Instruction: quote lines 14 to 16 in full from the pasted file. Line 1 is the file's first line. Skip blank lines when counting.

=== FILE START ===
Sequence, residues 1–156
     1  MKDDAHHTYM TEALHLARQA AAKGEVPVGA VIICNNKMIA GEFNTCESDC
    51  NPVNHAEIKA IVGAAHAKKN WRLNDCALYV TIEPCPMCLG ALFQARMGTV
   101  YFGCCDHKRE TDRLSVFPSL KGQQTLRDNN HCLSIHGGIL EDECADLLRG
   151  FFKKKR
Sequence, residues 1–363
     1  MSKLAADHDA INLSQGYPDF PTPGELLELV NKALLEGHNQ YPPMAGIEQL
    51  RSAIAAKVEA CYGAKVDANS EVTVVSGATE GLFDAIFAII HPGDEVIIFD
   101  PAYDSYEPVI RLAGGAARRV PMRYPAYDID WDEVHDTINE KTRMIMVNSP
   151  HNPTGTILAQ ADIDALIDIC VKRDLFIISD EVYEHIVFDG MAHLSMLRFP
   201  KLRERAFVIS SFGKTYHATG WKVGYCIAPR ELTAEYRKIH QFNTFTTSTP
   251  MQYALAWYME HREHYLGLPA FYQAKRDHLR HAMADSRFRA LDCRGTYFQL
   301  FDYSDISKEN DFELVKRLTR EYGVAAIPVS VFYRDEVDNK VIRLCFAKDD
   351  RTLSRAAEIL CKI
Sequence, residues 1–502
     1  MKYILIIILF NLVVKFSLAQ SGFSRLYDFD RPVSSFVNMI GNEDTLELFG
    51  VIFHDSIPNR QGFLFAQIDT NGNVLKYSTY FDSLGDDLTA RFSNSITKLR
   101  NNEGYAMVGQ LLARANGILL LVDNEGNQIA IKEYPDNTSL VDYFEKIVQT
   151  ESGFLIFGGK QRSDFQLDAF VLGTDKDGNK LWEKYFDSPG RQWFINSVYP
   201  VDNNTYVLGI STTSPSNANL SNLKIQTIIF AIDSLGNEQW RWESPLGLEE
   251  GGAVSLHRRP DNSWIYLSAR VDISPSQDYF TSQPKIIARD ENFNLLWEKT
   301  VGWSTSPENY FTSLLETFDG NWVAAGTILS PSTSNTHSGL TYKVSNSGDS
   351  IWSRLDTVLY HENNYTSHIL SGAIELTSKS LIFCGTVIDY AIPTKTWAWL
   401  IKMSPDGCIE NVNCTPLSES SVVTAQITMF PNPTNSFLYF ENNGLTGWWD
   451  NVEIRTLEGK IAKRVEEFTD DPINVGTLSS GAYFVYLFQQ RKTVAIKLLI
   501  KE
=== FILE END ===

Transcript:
   351  RTLSRAAEIL CKI
Sequence, residues 1–502
     1  MKYILIIILF NLVVKFSLAQ SGFSRLYDFD RPVSSFVNMI GNEDTLELFG